For the past two weekends, a total of 13 Bahamian junior chess players were glued to their respective computer screens as they took part in the International School Sports Federation (ISF) World Schools Championship Online Chess 2020 Tournament. President of the Bahamas ISF chapter Rupert Gardiner and Bahamas Chess Federation (BCF) President Elton Joseph were happy with the team’s overall performance.
The 13 players competed against higher ranked players from countries such as Morocco, France, Iran, China, Argentina, Georgia and Brazil. There was one qualifier who made it to the final round – Woman Candidate Master (WCM) Daijah Johnson in the under-17 division as she made history as the first Bahamian to qualify to the finals of the tournament. She finished in the top 40 at number 38 and is set to return to action on Saturday, October 24.
“When you look at our kids playing at that level and we have one qualifier for the finals and one was just short from going to the finals, that tells you the quality of our young kids who competed at that level,” Gardiner said.
According to Joseph, some of the players have not played chess in quite some time. However, he is proud of the team’s performance.
“All of the players did really well. We are proud of them and the amount of effort they put into the competition. Despite the technical difficulties, we are still happy with their performance. We were happy with Johnson who made it to the final,” Joseph said.
In the under-17 girls division, there were Trinity Pinder and Olga Roussos, who finished at number 41. The under-17 boys division was represented by Candidate Master (CM) Nathan Smith, Aidan Mart, Noah Albury, Trevor Bridgewater, Curtis Pride Jr. and Hodari Prince.
Makayla Horton competed in the under-15 girls division. Representing Team Bahamas in the under-15 boys division were Avian Pride, Seth Roberts and Daniel Ramtulla.
Faith Higgs, in the under-15 girls division, and Nathaniel Higgs Jr., in the under-17 boys division, were on the team but did not get to compete due to technical difficulties.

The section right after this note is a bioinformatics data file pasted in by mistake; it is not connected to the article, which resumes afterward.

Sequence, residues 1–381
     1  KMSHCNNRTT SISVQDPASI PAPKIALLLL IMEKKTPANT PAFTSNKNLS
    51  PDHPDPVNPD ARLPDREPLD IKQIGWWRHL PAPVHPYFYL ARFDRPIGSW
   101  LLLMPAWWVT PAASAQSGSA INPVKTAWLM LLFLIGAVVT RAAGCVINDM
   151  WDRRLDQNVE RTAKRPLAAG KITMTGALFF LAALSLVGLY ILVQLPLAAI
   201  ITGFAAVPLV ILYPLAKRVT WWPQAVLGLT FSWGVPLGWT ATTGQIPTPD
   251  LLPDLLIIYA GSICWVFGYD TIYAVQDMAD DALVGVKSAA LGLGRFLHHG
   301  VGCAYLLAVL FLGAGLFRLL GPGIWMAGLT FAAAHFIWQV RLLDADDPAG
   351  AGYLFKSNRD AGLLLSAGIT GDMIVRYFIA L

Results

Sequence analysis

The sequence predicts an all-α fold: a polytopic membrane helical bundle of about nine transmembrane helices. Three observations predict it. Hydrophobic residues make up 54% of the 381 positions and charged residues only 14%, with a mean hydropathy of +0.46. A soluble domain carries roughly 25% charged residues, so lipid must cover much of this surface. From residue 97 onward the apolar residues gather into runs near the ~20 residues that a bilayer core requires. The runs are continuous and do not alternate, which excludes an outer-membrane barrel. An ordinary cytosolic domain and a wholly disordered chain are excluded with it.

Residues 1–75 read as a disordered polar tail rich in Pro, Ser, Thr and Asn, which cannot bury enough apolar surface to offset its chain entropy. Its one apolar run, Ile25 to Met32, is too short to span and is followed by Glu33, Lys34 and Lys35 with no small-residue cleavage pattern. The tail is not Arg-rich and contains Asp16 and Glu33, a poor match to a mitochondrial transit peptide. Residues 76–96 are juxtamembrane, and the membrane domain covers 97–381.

Gardiner stated that it speaks volume of the kids and he is expecting support from the Bahamian government. He added that Bahamas Olympic Committee (BOC) President Romell “Fish” Knowles fully backs the tournament.
Joseph said that The Bahamas is a young country in the world of chess, going against countries from Asia and Europe which have been playing chess for over a century. He is very impressed with all of the players. Joseph serves as Johnson’s coach and said he is looking to work on all aspects of chess with her before she competes again.
“Tactics are an important part of blitz,” Joseph said. “When you practice tactics, you need to be able to see them and see your opponent’s tactics also. She is good in openings but we’ll still have to look into that. In normal chess you play for position and with anticipation, but blitz is different because there is not a lot of time. You are not looking to take too much chances and looking for ways to waste your opponent’s time, threats and to cause them spend a lot of time thinking.”
Joseph added that a strategy in blitz is to win on time and if the opponent is threatened, they will spend time to not get “checkmated” or to escape.
For Gardiner, he sees Johnson finishing in the top 20 in the rankings on October 24.
“I am looking forward to her performing well,” Gardiner said. “The more she competes, the better she will get. She finished 38th and I think she will finish in the top 20 next weekend. I have confidence in her that she will make that position as top 20 in the world which will be good for The Bahamas, the Bahamas Chess Federation and the whole country.”
As for next year’s competition, Joseph said they are going to be more prepared. He said they are looking at starting more clubs in schools. They are looking for coaches and teachers, parents and community helpers who want to teach students to play the game. In addition, they are hoping that there can be a large inter-school competition so they can select players to send to not only this competition, but to other chess competitions, such as the Central American and Caribbean Youth Chess Championships, the CARIFTA Chess Tournament, the North American Youth Chess Championships, the Commonwealth Chess Championships and the Pan American Youth Chess Tournament.
Gardiner said there are more sports on the ISF calendar that The Bahamas is looking to participate in, such as volleyball, swimming, beach volleyball, track and field and basketball. He said they are looking to take part in the 2021 Gymnasiade Summer Games to be held in Jinjiang, China, from October 16-23, 2021.